Farm: Hacienda La Pradera
Producer: Oscar Daza
Elevation: 1,700-1,900 masl
Imagine a country full of diverse landscapes, from rainforests to mountains to coastlines and home to many many coffee farms. Colombia’s balmy climate, volcanic soil and high altitudes make it ideal for producing coffee. A country that is surrounded by mountains such as the Sierra Nevada de Santa Maria and the Andes whose water flows directly into basins, providing yummy water for the coffee plants. These mountains can reach over 2,000 meters above sea level (over 6,000 feet). Why does elevation matter when it comes to producing coffee? Elevation impacts the taste and size of the bean. The next time you make coffee, look at your beans- are they big or small, how does the line in the middle look, what is the color of the bean itself? Since the bean is grown at a higher altitude, the beans grow slowly. High elevation beans usually produce a more flavorful coffee. The Colombia Tabi Honey is grown between 1700-1900 meters; it also goes through a honey process, which creates a cup that tastes like orange marmalade.
There are 22 coffee producing regions in Colombia- Santander being one of those. The topography includes beautiful mountains, rivers, canyons and valleys. This region is full of fresh water sources and rich soil that help coffee farming. In the Cordillera Oriental Eastern Mountain Range, you can find the La Pradera Hacienda Cafetera located in Aratoca, Santander, Colombia. On the La Pradera farm, you will find their honey processed Tabi.
La Pradera is family owned and operated and was created in 1971, each generation run by the Daza Bautista family. The farm is situated near the Chicamocha Canyon, the second largest canyon in the world; this canyon helps to create a favorable microclimate for coffee production, with warm air currents during the day and cool breezes and rainfall at night. Originally, Mr. Hector Daza transformed this farm by planting timber and fruit trees which eventually created a shade canopy for all of the different coffee varieties that they planned to grow. With years of tending to the land, the farm now includes anaco, bucaro, guamo, oak, avocado, tangerine, banana and other tree varieties that help provide shade to the coffee crop. Why is shade grown important for coffee plants? Trees can protect coffee from frost as well as cool the climate during warm weather. There is also evidence that shade-grown coffee seeds have higher sugar, which can increase the cup quality. La Pradera has plenty of shade for the crops. They also focus on organic practices and sustainable land use.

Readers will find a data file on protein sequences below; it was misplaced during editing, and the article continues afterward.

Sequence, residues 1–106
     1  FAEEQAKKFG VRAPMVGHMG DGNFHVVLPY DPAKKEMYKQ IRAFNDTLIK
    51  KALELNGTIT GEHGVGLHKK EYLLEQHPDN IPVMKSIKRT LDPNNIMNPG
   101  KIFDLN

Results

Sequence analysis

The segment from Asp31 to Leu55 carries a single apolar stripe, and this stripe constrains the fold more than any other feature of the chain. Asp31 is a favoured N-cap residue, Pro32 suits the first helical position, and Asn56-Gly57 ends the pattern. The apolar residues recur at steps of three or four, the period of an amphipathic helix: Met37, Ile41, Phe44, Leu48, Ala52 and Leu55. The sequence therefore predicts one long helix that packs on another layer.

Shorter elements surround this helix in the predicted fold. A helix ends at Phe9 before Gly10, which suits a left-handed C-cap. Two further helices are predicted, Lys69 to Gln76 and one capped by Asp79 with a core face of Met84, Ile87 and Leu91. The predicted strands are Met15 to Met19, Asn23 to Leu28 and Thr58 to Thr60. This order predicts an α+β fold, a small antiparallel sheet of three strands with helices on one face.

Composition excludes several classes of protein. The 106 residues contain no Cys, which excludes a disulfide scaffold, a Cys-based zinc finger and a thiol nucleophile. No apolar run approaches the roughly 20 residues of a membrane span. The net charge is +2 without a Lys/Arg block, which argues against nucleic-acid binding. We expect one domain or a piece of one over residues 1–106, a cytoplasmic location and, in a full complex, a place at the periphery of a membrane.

The coffee industry in Colombia employs over 800,000 people across the country. Hacienda La Pradera employs 15 permanent employees and 172 seasonal employees, including 30 women- 22 of whom operate the Manos de Mujer certified Finca Santa Maria. The La Pradera family farm is also joined by 8 other farms, a QC lab, and wet and dry mills. The wet and dry mill has equipment including an eco-washer, a pre-drying deck, and both solar and mechanical dryers. Having high quality technology allows for better precision when the coffee cherries go through processing.
Processing at La Pradera includes many fermentation and drying methods that include both aerobic and anaerobic processes, including Washed, Natural, and Honey processed coffees. The operation is also an experimental farm for local and international coffee equipment companies, who test new technologies in specifically coffee production. Many of you might be used to hearing of an Arabica or Robusta variety. There are over 100 coffee varieties in the world- all very different. Tabi is a variety that was released by Cenicafe in 2002 and is developed by crossing Bourbon, Typica, and Timor coffees- it holds the same quality characteristics as a Bourbon and Typica while also having greater resistance to coffee leaf rust.
The Colombia Tabi cherries were fermented anaerobically for 24 hours in stainless steel tanks before being pulped. The pulled cherries then underwent another 18 hours of anaerobic fermentation in their mucilage. Nearly all coffee goes through a fermentation process, such as a Washed or Natural. The fermentation occurs when yeast and bacteria begin to convert the sugars and acids in the coffees mucilage. The anaerobic fermentation process is different because the vessels in which the coffee cherries are fermented do not contain any oxygen at all. By keeping the coffee cherry free from oxygen, the beans get a different flavor profile. The Honey process is when the coffee cherries dry slowly with the sweet mucilage covering the beans. The drying process is done in three stages- 20 hours of natural open air dehydration first, followed by 66-84 hours in a mechanical dryer to reach 20% humidity, and finally set out to dry on raised beds for 12 days in order to reach 11% humidity. This honey process has a clarified and clean flavor profile while carrying a jam-like sweetness that lingers long after each sip.
This is our third coffee from La Pradera and we are excited to share it with you! Kyle roasted these beans to perfection, creating a cup of coffee that tastes like orange marmalade. It has a bright, clean, crisp body that covers all of your taste buds; then transforms into honey and nut butter. Mango and butter cookies carry the flavor profile to a silky finish. Expect it to get sweeter and sweeter after each sip.
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